Billionaire Elon Musk was as outspoken at a Dubai summit on Wednesday as he is on Twitter, saying he “knows more about space than anyone else” and that if there were aliens he would know.
The SpaceX, Tesla and Twitter chief touched on subjects ranging from social media, education and artificial intelligence to his hectic work schedule during his remote 30-minute appearance at the World Government Summit.
Mr Musk’s virtual attendance comes at a time when he is managing several large companies, including Twitter, which he said has so far been a “quite a rollercoaster.”
He splits his time between California and Texas to manage the social media platform, his electric car company and the development of his Mars rocket Starship.
Following are the five main topics he touched on during his talk:
Twitter has been a rollercoaster
Mr Musk has been stirring up debate since acquiring the social media platform last year.
He said the journey so far has been “quite a rollercoaster” as he tries to “stabilise Twitter”.
He said that he went ahead with the purchase because he wanted to create a trusted digital platform.
“I was a little worried about the effect of social media on the world, especially Twitter, and I thought it was very important that there should be a trusted digital public sphere, with the least amount of censorship allowed by law,” said Mr Musk.
“Twitter was I think doing a little too much to impose a niche San Francisco-Berkeley ideology on the world.”
Mr Musk — who has blocked some critics from his own account on Twitter — said: “Having some criticism is fine, I am constantly attacked on Twitter and I don’t mind. I have to be thick-skinned.”
He said that he hopes to hire a chief executive for the social media platform by end of this year.
The father of nine said that 12 years of schooling may be too much for children.
He said a couple of years could be shaved off and that years of higher education were “excessive”.
“You take a long time to ensure there's emotional, mental and physical maturity that is happening simultaneously with the education,” he said.
“So 12 years is probably not bad. We probably don't need an additional four, five or six years in college. As I see it that’s probably excessive. Probably shave a few years.”
He said school could be made more interesting for pupils, with some subjects such as maths, engineering and physics being taught in compelling ways.
Since acquiring Twitter, Mr Musk said he has taken on a lot more work and often has a 20-hour workday, which he described as “relatively unusual and rather painful”.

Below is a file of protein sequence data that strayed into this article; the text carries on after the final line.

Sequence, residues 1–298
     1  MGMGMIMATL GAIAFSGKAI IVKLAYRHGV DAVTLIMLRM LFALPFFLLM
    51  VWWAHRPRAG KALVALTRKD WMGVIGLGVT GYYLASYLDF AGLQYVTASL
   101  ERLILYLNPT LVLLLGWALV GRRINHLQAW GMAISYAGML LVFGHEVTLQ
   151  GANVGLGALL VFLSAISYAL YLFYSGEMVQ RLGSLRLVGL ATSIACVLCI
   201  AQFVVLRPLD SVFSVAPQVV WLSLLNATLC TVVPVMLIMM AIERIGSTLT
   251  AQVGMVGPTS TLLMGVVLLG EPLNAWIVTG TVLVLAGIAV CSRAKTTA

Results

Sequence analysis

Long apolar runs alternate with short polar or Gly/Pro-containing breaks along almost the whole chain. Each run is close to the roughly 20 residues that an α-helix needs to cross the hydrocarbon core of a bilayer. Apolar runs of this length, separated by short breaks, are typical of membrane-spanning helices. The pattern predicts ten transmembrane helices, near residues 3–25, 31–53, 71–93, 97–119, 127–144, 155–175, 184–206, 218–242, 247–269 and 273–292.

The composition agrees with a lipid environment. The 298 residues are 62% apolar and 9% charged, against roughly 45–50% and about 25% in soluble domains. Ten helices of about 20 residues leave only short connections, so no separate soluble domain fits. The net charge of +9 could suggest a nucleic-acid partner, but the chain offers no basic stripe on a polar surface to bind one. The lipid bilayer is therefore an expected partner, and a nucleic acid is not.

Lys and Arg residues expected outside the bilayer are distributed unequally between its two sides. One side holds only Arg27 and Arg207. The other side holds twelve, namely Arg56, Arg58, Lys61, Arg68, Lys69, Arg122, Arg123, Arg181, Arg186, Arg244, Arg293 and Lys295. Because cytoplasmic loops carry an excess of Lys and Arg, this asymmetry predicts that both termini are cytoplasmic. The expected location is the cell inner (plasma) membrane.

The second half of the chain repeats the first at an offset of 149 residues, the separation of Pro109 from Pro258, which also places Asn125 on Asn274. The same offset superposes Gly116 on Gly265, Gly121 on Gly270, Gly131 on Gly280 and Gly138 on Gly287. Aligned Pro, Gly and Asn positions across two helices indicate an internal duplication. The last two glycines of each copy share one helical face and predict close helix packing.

He also gave an insight into his life as one of the world's busiest people, while also trying to spend time with his family.
He spoke about what kind of social media restrictions he puts on his children.
“I generally do not try to restrict social media for my kids, although that might have been a mistake,” Mr Musk said.
“They've really been programmed by Reddit and YouTube, more Reddit than anything else.
“Probably, I would limit social media a bit more than I had in the past.
“And just, you know, take note of what they're watching, because I think they're being programmed by some social media algorithm, which you may or may not agree with.”
Mr Musk said that the UFOs reported in US skies over the past week were unlikely to be aliens.
“The whole question of aliens is a very interesting one, what is typically the Fermi paradox, which is that if the universe is really as old as science thinks it is, then where are the aliens?
“If we’ve really been around for 13.8 billion years, shouldn’t there be aliens all over the place?”
He said he has seen “no evidence whatsoever” of alien technology or life.
'Be careful with AI'
Elon Musk urged governments to slow down with artificial intelligence and consider how it could affect public safety.
“Artificial intelligence is something we need to be quite concerned about,” he said.
“ChatGPT has illustrated to people just how advanced AI has become. It has been advanced for a while, it just didn't have a user interface that was accessible to most people.
“And there are much more advanced versions that are coming out.
“We need to regulate AI safety, frankly. If you think of any technology which is potentially a risk to people — aircraft, cars or medicine — we have regulatory bodies that oversee public safety.
“And we should have a similar oversight for artificial intelligence — I think it is actually a bigger risk than cars, planes or medicine.
“This may need to slow down — AI — a little bit, but I think that could be a good thing.”